- Prophet and Loss
- Near to You
- Who Tells Your Story
- Transformative Power
- Far from Neighbors
- Mother Tongue
- Jailhouse Rocks
- In the End, Peace
- Arms Outstretched
- Extra Time
Sermons by Month
- July 2019
- June 2019
- May 2019
- April 2019
- March 2019
- February 2019
- January 2019
- December 2018
- November 2018
- October 2018
- September 2018
- August 2018
Sermons by Year
The Right to Face Your Accuser
The Reverend Matt Gaventa
October 21, 2018
A Reading from the Book of Job
Then Job answered:
‘Today also my complaint is bitter;
his hand is heavy despite my groaning.
O that I knew where I might find him,
that I might come even to his dwelling!
I would lay my case before him,
and fill my mouth with arguments.
I would learn what he would answer me,
and understand what he would say to me.
Would he contend with me in the greatness of his power?
No; but he would give heed to me.
There an upright person could reason with him,
and I should be acquitted forever by my judge.
‘If I go forward, he is not there;
or backward, I cannot perceive him;
on the left he hides, and I cannot behold him;
I turn to the right, but I cannot see him.
But he knows the way that I take;
when he has tested me, I shall come out like gold.
My foot has held fast to his steps;
I have kept his way and have not turned aside.
I have not departed from the commandment of his lips;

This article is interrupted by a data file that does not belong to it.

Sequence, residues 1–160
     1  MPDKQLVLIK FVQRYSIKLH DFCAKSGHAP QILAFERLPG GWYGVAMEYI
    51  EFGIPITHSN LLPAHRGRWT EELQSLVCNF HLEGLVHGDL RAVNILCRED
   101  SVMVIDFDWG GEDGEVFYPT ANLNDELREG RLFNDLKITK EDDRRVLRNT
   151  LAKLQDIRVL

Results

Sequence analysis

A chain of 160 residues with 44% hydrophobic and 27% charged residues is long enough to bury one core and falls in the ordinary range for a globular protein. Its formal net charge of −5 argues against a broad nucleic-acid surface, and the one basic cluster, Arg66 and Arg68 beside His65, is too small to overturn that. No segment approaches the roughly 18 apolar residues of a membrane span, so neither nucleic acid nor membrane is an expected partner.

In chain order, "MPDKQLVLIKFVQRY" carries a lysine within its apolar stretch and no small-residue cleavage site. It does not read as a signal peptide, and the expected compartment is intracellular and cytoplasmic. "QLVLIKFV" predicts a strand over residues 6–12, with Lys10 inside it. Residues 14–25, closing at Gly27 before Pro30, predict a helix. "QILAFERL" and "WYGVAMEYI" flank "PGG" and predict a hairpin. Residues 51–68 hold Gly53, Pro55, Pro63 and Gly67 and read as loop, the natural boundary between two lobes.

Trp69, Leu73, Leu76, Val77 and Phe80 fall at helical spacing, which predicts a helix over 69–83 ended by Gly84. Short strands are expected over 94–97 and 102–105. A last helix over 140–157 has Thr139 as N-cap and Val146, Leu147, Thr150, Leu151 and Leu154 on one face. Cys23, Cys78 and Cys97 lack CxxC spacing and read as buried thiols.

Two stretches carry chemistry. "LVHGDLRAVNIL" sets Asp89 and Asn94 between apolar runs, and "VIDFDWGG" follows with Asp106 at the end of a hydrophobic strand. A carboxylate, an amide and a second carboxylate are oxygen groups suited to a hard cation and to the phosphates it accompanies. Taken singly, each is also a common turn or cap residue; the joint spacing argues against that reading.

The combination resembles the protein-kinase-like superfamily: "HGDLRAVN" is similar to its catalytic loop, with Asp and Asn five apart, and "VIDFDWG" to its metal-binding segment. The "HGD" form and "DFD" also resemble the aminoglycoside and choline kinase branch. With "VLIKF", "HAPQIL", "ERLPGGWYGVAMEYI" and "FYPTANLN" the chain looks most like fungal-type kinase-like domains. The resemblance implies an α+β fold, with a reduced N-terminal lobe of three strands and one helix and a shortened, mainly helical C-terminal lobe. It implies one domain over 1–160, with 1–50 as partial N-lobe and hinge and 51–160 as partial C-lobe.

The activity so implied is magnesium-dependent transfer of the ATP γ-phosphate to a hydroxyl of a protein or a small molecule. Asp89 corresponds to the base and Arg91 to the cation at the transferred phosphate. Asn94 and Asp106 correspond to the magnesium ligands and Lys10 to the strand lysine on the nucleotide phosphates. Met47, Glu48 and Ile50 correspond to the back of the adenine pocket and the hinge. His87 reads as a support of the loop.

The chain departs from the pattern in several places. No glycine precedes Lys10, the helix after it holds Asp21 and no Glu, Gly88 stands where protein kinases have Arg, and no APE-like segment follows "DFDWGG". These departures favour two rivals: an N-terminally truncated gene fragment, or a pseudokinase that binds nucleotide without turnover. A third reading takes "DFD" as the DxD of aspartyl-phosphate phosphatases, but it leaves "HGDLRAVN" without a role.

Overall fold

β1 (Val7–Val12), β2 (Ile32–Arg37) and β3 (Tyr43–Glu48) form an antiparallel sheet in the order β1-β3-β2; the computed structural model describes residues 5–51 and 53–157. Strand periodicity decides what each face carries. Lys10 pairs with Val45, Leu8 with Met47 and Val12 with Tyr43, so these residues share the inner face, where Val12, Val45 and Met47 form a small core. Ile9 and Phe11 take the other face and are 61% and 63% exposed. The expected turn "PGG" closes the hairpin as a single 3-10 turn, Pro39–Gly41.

I have treasured in my bosom the words of his mouth.
But he stands alone and who can dissuade him?
What he desires, that he does.
For he will complete what he appoints for me;
and many such things are in his mind.
Therefore I am terrified at his presence;
when I consider, I am in dread of him.
God has made my heart faint;
the Almighty has terrified me;
If only I could vanish in darkness,
and thick darkness would cover my face!
The first time I met William, he was hand-rolling a cigarette in the Georgetown student cafeteria. And of course he wasn’t just hand-rolling it; he was hand-rolling it while monologging about the subtle art of hand-rolling loose tobacco. He had a crowd of disciples around him — not a one of them, I think, actually interested in learning how to hand roll tobacco. I mean, even if you wanted to, where were you going to source loose tobacco on campus in the first place? I didn’t know then that William Brownlow the Fifth drove around with a bumper sticker that said “Tobacco Money Pays My Bills” and I didn’t know then that he almost certainly brought that loose tobacco from the family holdings back in Knoxville and he almost certainly brought enough for everybody and I didn’t know then that William Brownlow the First had been the reconstruction-era governor of Tennessee although William the Fifth would monologue all of this to me in short order. Because nobody could resist his charisma. That was the whole thing. He was full of life, from the first moment I met him.
In some ways, in our group, he was the odd one out. We were a bunch of northeastern prep school dorks with too many thoughts about Star Wars. William was an outdoorsman, a self-described redneck who made a regular habit of coming back from vacation with venison and quail for the freezer, a gift for the house, as if any of us who were eating Kraft Macaroni & Cheese on a near-daily basis had any idea what to do with it. But William just lived at full volume. He was brash. He was arrogant. He was infuriating. He was brilliant. He was the best storyteller I’ve ever known. We loved him so profoundly, through college and beyond, at random get-togethers, at weddings, at reunions, at whatever opportunities presented themselves for those of us in that group to gather up again and tell the old stories. And then, in late 2006, five years after graduation and but just a few short months since we all seen each other last, we got a call, on some random Tuesday in December, that William was gone.